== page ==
Limits' and reals' cardinality Does the limit function relate to a maximum cardinality? Does the set of real numbers, as they are an "absolute" continuum? Can one map the set of real numbers onto a finite surface? By bijection? 
Please start by defining: 1) Limit function. Do you just mean $\lim_{x\rightarrow a} f(x)$? 2) Maximum cardinality 3) Absolute continuum 4) Finite surface 
1) Yes. 2) Does the limit function approach f(a) infinitesimally, e.g. uncountably in decimal form? Might this difference, the limit function minus f(a) itself, be represented by a set of infinite cardinality, since the limit function is actually arbitrary? 3) The set of real numbers, being ["absolute" is redundant and informal, I guess] a continuum, are represented by what cardinality? 4) Can the set of real numbers have a bijection onto any finite surface? 
4) How many points are on a finite surface? What is the cardinality of this set? 

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Perhaps you can give a specific example of some function you have in mind. You use the phrase, "this difference, the limit function minus f(a) itself ..." and asked if this is a cardinality. But it's a NUMBER, not a set. [Numbers are ultimately sets, but not in this context!] For example let $f(x) = 0$ if $x \neq 0$, and $f(0) = 47$. In other words when you input anything other than $0$ into the function, you get back $0$. But when you put in $0$, you get $47$. Now in this case the limit of $f$ as $x \to 0$ is $0$. But $f(0) = 47$. So the difference of the limit of the function at that point, and the value of the function at that point, is $47$. It's a number. Does that make sense? Remember, a function doesn't even need to have a value at a given point in order to have a limit there. Quote:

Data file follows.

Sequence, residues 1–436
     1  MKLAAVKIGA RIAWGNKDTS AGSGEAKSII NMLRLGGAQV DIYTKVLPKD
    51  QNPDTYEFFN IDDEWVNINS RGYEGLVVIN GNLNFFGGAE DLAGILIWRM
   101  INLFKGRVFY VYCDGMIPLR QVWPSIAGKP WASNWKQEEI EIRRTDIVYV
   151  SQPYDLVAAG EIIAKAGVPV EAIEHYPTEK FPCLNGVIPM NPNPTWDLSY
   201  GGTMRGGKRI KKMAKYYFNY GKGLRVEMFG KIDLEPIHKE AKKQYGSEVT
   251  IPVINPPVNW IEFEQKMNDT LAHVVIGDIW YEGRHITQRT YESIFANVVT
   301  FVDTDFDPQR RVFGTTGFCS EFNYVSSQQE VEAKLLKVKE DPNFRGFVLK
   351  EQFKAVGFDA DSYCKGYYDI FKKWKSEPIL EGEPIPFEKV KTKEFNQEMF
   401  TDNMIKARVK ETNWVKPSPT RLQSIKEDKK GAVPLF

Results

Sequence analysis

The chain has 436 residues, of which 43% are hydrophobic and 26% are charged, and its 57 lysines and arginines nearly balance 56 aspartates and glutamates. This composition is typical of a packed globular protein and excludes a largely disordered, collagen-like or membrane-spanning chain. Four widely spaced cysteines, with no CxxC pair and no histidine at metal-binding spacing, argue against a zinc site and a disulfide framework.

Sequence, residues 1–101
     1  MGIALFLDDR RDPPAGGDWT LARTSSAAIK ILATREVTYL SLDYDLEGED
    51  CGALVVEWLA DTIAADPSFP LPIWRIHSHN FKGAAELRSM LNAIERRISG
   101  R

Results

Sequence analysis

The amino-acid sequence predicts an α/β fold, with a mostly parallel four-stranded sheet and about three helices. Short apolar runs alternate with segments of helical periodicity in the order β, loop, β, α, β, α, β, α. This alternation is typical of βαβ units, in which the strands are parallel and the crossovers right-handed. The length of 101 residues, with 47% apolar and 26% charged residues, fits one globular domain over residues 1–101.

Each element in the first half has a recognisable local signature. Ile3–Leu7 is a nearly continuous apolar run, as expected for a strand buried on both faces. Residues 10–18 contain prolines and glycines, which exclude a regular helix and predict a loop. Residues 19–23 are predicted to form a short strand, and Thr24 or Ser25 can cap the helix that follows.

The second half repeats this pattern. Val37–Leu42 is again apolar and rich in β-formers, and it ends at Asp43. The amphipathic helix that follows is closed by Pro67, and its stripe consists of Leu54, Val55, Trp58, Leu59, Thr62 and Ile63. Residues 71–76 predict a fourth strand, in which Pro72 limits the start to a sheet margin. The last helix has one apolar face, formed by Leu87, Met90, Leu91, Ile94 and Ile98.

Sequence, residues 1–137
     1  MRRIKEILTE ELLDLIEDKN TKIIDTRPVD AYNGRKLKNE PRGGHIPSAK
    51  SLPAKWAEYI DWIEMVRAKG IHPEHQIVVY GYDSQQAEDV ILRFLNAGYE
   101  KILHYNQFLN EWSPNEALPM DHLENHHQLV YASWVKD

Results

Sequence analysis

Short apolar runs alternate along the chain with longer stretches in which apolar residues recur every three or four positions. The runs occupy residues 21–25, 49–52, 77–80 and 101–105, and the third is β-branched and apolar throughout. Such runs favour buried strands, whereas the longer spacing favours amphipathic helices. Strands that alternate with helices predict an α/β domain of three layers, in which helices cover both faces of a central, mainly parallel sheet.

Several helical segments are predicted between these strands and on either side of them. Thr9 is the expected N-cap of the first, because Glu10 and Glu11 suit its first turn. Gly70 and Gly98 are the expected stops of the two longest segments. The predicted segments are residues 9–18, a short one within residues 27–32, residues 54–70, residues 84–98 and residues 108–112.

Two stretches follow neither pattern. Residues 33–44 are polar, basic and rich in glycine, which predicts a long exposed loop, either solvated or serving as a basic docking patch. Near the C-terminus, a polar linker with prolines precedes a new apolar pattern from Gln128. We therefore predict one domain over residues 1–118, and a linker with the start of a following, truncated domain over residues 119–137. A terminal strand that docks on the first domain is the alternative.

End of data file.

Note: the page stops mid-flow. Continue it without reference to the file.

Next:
These are very deep waters. Nobody has any idea what is the cardinality of the continuum. We know it's $2^{\aleph_0}$, but nobody has any idea what cardinal that is. You asked a great question, that's a fact. Quote:
Is anything I wrote helpful? I'm not sure what is the intent of your questions. 
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The "cardinality of a limit" is simply the cardinality of the set from which you select your epsilon under this definition. But it's not a property that is intrinsic to a limit as far as I'm aware. 
The real numbers are given by the unique limiting sequence (not the limit of the sequence), as n approaches "infinity," of n place decimals, which can be counted for all n. Cardinality of the reals: countable. EDIT: Limits of the reals are a subset of the reals. .3333...3m, any fixed m, to n places of 3's, has the limit as n approaches infinity, 1/3 
You are talking the same old unmitigated nonsense again. 
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